Heat, which allows you to perform cloud orchestration within the OpenStack ecosystem, is my favorite OpenStack service, but it’s also one of the most overlooked.
It’s a great way to get started with infrastructure automation code or, as I’ve called it, “DevOps with training wheels.”
While widespread adoption of Heat is not yet in full swing, mark my words, it will be soon. It’s been described as a main line project of the OpenStack Orchestration program, which tells me there is definitely more to come around Heat as well as orchestration in general.
As of version 9 of Rackspace Private Cloud powered by OpenStack, the orchestration capability has been included in the list of available services.
I hope you’ve been able to give it a try, but if not, don’t worry — after you read this, you’ll be ready to get your Heat on. Before we jump into all the fun Heat has to offer, let’s establish some baseline principles used to develop it.
What is orchestration?
Orchestration is the function of automating the manual steps necessary to install supporting application software and/or provisioning infrastructure resources to support your applications.
Imagine your business team asking IT to stand up servers, with each one needing to run on separate support software (Apache, JBoss and MySQL). The next request from the business team is they need this done for every new code release and for multiple test environments. This one simple task just turned into an infrastructure support engineer’s nightmare.
As we know (myself included after 15 years of production support), most engineers do not have the time to reproduce this task, and would much rather give the business team the ability to do it themselves (with IT control of course). The solution is to create scripts/templates to automate the business request, and develop it to be consumed in a self-service model. This, in essence, is the definition of orchestration.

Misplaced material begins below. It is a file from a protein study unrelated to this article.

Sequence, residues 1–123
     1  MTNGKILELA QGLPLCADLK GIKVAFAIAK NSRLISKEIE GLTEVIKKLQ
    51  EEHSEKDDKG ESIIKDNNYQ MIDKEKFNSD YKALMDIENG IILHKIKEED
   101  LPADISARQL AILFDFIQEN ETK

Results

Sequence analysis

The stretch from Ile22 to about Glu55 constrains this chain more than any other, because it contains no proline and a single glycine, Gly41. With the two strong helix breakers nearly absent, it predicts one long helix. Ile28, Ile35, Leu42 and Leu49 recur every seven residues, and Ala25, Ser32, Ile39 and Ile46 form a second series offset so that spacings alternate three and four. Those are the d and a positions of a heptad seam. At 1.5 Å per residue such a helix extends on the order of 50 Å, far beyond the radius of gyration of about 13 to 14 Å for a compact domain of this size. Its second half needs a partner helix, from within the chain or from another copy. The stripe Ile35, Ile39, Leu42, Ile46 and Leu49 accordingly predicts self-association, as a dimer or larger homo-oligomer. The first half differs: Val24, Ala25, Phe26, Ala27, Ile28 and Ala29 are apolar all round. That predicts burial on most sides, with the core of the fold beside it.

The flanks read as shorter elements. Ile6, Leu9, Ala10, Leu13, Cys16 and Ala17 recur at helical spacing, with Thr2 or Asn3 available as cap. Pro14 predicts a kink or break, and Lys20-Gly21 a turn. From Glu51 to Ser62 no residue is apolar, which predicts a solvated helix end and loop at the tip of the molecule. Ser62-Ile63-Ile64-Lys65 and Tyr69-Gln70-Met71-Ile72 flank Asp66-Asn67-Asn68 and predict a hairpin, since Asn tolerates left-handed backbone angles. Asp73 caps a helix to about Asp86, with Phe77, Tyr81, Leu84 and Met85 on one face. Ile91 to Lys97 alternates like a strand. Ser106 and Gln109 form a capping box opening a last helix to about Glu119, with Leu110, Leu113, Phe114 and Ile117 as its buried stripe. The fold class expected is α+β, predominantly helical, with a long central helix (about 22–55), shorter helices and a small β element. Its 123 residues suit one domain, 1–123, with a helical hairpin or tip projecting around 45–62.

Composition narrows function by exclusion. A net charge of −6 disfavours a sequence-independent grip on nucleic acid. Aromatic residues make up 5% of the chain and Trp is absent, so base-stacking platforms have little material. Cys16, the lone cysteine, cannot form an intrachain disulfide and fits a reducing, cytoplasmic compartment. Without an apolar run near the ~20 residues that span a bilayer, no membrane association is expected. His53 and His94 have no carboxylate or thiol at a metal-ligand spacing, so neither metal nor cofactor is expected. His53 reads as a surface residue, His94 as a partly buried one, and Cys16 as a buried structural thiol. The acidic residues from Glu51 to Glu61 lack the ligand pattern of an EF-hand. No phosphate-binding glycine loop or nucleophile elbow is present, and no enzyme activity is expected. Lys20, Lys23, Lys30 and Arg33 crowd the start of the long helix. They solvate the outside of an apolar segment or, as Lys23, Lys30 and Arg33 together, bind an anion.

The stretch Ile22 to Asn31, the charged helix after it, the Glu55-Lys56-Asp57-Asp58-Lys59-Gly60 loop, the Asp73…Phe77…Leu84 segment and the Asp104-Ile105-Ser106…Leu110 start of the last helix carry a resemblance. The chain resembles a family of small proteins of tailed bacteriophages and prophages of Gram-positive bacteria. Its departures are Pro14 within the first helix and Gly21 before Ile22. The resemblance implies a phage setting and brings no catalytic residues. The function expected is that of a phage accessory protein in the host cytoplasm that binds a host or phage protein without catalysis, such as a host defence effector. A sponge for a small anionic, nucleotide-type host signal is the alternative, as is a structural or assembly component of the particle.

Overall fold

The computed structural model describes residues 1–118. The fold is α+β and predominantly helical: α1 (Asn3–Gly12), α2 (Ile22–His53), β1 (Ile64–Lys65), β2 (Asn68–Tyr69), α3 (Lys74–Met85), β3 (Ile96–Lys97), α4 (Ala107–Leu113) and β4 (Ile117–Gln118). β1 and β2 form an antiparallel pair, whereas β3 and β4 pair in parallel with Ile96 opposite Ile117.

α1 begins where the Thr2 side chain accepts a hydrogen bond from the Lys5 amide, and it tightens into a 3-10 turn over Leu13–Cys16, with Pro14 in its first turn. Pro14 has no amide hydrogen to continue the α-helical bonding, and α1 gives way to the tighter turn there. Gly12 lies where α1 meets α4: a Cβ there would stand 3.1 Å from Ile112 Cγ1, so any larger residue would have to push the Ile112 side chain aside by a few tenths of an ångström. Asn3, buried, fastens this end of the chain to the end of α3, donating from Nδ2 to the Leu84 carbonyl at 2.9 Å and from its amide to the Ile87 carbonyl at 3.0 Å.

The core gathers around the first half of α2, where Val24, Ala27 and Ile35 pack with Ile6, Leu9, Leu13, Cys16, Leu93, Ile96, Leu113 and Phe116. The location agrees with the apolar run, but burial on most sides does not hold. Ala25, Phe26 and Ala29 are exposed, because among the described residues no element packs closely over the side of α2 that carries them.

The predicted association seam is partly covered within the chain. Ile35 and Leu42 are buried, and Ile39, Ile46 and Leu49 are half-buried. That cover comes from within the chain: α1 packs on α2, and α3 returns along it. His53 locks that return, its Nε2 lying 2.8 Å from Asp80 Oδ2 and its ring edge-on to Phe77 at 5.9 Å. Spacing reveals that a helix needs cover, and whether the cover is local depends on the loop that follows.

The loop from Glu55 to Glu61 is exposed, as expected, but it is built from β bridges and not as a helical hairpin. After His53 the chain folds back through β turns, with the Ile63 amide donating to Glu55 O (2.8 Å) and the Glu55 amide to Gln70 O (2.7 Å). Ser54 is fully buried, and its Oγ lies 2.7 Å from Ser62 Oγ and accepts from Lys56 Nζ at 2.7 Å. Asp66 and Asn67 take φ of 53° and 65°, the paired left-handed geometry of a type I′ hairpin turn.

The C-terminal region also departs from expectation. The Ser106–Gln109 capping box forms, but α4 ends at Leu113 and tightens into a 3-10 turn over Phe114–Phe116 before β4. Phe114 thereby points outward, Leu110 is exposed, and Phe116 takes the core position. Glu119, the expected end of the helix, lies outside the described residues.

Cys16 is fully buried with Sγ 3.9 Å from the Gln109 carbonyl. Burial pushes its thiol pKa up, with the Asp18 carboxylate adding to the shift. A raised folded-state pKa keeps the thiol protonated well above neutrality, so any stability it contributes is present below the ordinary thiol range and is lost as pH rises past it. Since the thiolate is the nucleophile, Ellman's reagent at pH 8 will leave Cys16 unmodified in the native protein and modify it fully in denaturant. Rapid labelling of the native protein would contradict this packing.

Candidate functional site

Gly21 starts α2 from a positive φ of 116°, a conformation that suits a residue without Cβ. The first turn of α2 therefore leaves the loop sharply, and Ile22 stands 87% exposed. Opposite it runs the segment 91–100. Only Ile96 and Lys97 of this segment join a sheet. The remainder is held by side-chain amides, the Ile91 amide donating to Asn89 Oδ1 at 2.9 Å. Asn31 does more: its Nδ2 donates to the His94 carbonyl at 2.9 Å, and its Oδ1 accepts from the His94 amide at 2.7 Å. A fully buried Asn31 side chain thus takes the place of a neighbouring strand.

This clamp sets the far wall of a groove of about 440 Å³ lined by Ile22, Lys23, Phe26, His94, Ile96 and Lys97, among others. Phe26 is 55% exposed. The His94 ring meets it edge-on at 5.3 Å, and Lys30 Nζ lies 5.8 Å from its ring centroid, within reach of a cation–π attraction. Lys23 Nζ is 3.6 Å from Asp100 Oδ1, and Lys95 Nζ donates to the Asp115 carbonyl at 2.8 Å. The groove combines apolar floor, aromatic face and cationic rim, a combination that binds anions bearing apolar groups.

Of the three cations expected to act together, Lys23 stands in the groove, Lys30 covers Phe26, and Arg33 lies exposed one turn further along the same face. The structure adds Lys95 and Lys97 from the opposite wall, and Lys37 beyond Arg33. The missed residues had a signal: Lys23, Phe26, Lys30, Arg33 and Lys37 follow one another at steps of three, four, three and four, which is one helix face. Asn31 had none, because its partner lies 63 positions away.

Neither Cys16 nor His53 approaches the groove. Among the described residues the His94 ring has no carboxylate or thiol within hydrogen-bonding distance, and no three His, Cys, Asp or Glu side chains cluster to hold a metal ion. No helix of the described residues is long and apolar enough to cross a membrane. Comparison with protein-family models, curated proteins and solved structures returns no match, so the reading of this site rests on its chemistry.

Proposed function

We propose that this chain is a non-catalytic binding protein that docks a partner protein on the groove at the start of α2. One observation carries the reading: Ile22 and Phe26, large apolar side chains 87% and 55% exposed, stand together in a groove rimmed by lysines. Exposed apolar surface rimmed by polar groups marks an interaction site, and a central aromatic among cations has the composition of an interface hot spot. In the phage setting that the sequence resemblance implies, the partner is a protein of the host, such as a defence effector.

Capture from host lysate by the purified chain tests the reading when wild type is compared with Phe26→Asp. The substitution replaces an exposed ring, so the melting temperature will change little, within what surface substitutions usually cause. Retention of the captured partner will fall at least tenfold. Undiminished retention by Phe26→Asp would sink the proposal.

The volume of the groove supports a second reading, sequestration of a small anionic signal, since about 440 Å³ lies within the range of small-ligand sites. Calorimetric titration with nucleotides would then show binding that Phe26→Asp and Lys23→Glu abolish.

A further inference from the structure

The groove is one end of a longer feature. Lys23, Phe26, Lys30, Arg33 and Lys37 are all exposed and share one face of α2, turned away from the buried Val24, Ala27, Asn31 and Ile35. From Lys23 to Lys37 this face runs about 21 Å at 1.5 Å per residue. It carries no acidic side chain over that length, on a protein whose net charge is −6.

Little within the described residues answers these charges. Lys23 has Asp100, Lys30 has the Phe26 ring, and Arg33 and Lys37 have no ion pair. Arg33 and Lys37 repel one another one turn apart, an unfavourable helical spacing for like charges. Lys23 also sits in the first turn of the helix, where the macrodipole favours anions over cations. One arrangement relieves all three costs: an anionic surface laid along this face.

What is a stack?
A technology stack is similar to Lego blocks; it’s the layering on technology components to create a collection of objects. In our case, these components could be instances (VMs), networks, subnets, routers, ports, router interfaces, security groups, autoscaling rules, etc. Stacks can also include software dependencies and/or the custom applications themselves.
Every Lego block design has to have a base. From a private cloud perspective, that base will always be the computing resources from your OpenStack cloud. This is where Heat can give you an automation edge as you begin your orchestration journey.
What is Heat?
Heat is a main line project part of OpenStack composed of an orchestration engine used to launch multiple composite cloud applications based on templates in the form of text files.
These text files should be treated like code — this is how the term “infrastructure as code” was born. The template format supported by Heat is called HOT (Heat Orchestration Template), which was originally derived from a concept developed by AWS called CloudFormation.
Both formats are interchangeable, enabling a smooth transition to or from either OpenStack and AWS. As with all other OpenStack components, the functionality offered by Heat is available via a REST API and/or Python CLI. We have already seen further service improvements to Heat, such as those found in the Mitaka release, including optimizing the orchestration engine processes, stack snapshot/restoration features and software-specific configuration options, just to name a few.